The car of a 67-year security guard in the southern Tajikistan city of Qurghonteppa exploded late at night on March 12 in the vicinity of a military prosecutors’ office, prompting official claims of possible terrorism afoot.
The Interior Ministry said in a statement that the blast was caused by an incendiary device.
RFE/RL’s Tajik service, Radio Ozodi, reported that the prosecutor’s office in the Khatlon region is investigating the incident as a potential terrorist act, but it has provided few specific details. According to a source cited by Ozodi, investigators are considering the possibility that the security guard, Hasanboi Rahmonov, who was the only person killed in the explosion, was also possibly a perpetrator.
Investigators are questioning Rahmonov’s friends and acquaintances for more details on his background, Ozodi reported.
Meanwhile, news website Asia-Plus reported that the rumor mill in Qurghonteppa is insisting that Rahmonov was but an unfortunate bystander, who might just have been carrying a suspect package to the prosecutor’s office. By way of a supporting argument, people point to the fact that his place of work, a technical lyceum, is right next door to the prosecutor’s office.
Officials have declined to comment on this line of speculation, however.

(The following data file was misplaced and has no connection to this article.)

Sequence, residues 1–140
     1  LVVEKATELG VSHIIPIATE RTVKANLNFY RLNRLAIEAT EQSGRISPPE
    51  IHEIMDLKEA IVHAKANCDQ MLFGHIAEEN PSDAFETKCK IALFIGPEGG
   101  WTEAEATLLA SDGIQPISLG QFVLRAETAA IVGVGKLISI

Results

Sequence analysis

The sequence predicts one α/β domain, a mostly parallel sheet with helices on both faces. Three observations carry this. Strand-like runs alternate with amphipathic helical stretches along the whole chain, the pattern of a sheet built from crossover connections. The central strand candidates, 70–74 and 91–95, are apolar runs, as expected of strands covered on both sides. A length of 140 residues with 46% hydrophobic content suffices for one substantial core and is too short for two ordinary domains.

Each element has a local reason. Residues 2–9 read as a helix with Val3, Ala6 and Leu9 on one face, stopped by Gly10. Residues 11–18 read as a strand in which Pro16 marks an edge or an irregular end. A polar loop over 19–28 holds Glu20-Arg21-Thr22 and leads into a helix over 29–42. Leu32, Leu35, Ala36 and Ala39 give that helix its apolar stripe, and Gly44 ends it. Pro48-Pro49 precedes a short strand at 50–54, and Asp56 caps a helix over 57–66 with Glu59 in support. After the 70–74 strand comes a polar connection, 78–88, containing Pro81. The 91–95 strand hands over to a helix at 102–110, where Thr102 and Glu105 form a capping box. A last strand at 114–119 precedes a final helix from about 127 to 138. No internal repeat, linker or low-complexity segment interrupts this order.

This is not the first such incident in Qurghonteppa of late. On January 30, a bomb reportedly went off in a village on the edges of the city, which is the capital of the Khatlon region. The early morning blast damaged the Hyundai automobile of an employee with the Beeline mobile phone service company. The owner of the car was not hurt.
Police have yet to make a public comment on that incident.
With investigators so eager to tot up any perceived would-be discovery of terrorism, it is hardly surprising poor old Rahmonov is getting this treatment.
Interior Minister Ramazon Rahimzoda boasted at his start-of-year press conference that 1,367 criminal acts of an extremist or terrorist nature were committed in 2016. He also said 464 people linked to terrorist or extremist groups were brought to justice. As many 26 terrorist plots involving 50 people were quashed, he said.
The attacks were intended to target officials and public figures, government buildings, schools and administrative offices of law enforcement bodies, the minister claimed.
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